In this approach, we use std.core.bind to make the this object the same in the callback as it is for the constructor. Any additional initialization for the GUI, such as calling an initialization function in the GUI with parameters from your Emerson script, should also occur in this callback function.

Next, we know that our UI is going to generate some events we need to handle. In particular, it is going to send a request to change mesh. Events from the UI are specified by a string and a series of Javascript arguments (basic types such as strings and numbers only). To handle this event, we'll bind a handler for the event "setmesh". Extending our previous code, we get:

simulator.addGUIModule(
    "SetMesh", "setmesh.js",
    std.core.bind(
        function(gui) {
            this._gui = gui;

            var setmesh_pres = system.self;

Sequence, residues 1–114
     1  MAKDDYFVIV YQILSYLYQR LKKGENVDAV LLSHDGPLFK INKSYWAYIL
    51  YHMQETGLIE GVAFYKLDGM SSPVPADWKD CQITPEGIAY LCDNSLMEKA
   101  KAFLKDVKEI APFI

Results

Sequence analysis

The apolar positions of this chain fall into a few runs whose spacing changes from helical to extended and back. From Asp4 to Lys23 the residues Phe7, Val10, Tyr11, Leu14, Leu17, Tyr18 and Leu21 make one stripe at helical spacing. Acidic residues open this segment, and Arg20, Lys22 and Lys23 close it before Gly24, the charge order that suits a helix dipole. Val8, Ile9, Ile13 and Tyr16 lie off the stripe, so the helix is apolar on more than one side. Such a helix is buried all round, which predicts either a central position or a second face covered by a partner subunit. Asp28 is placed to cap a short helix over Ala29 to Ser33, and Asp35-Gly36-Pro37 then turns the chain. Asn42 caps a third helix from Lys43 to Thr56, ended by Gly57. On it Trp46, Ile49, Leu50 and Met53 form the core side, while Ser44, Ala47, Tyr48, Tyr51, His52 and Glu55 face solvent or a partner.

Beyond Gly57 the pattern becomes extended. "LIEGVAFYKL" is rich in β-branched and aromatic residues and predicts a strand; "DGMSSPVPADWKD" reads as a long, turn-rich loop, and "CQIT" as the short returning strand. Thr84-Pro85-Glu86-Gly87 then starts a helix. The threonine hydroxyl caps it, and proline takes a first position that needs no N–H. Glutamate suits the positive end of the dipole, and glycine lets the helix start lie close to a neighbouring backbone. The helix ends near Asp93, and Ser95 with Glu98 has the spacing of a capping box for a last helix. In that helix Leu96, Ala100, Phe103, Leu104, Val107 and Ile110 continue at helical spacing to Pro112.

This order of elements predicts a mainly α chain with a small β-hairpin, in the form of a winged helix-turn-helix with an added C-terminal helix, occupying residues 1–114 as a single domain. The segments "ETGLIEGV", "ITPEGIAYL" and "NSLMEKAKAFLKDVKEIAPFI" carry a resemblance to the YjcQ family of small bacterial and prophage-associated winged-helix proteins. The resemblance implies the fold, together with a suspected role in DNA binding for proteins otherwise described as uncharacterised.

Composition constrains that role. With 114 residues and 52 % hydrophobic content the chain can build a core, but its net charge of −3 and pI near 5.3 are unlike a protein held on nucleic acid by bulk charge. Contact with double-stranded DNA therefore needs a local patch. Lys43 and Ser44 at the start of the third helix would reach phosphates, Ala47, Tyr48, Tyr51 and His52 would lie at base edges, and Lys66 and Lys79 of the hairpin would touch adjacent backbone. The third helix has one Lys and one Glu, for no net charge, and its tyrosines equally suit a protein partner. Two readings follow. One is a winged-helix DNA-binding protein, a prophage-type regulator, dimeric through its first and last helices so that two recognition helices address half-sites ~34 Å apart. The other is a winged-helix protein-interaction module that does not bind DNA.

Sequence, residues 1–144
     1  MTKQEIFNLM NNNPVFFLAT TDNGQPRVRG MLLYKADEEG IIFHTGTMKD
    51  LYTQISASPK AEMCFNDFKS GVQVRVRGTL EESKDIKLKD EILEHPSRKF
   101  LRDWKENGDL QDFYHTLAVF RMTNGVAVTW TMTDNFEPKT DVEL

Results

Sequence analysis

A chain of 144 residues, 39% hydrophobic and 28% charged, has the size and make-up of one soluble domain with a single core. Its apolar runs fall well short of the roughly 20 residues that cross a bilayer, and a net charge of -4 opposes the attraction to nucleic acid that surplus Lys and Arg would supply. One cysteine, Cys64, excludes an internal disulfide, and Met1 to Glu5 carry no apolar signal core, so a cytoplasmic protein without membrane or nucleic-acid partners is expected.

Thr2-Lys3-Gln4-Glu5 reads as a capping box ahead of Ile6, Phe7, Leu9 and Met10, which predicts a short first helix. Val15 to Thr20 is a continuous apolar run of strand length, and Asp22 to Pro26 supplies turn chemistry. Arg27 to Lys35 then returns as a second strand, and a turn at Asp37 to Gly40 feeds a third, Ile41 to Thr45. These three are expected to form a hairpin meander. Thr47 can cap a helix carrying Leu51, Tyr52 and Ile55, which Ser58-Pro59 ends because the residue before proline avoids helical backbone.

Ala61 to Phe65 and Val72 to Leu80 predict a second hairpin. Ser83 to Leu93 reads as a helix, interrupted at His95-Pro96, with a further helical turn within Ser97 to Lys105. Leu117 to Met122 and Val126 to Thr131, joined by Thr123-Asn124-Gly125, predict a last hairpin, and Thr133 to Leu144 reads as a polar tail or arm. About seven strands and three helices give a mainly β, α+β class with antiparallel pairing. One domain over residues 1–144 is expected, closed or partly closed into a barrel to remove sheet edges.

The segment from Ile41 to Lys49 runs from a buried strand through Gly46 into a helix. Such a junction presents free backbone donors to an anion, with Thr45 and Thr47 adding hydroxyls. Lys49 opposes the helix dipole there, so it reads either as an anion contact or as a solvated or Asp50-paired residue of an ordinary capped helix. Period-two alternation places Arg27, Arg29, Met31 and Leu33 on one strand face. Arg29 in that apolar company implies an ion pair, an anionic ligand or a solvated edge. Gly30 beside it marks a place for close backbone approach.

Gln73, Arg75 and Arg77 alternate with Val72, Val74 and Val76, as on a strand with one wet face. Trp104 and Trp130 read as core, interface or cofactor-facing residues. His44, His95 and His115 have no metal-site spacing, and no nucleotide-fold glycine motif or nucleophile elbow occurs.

handleSetMesh = function(meshurl) {
                setmesh_pres.mesh = meshurl;
            };
            this._gui.bind("setmesh", handleSetMesh);
        },
        this
    )
);

And that's it. When the UI sends a setmesh event, handleSetMesh will be invoked. It uses the reference setmesh_pres, the presence active when the GUI was loaded, to set the mesh. Because we know the arguments (and types!) that will be provided, we put a named argument for meshurl. However, if we don't know the exact form or number of arguments, we can use the arguments keyword to extract them dynamically.

Finally, we have all the code we need to setup the GUI from the Emerson script. You can replace a line like

simulator = new std.graphics.DefaultGraphics(system.self, 'ogregraphics');

in std/defaultAvatar.em with our updated code

simulator = new std.graphics.DefaultGraphics(
    system.self, 'ogregraphics',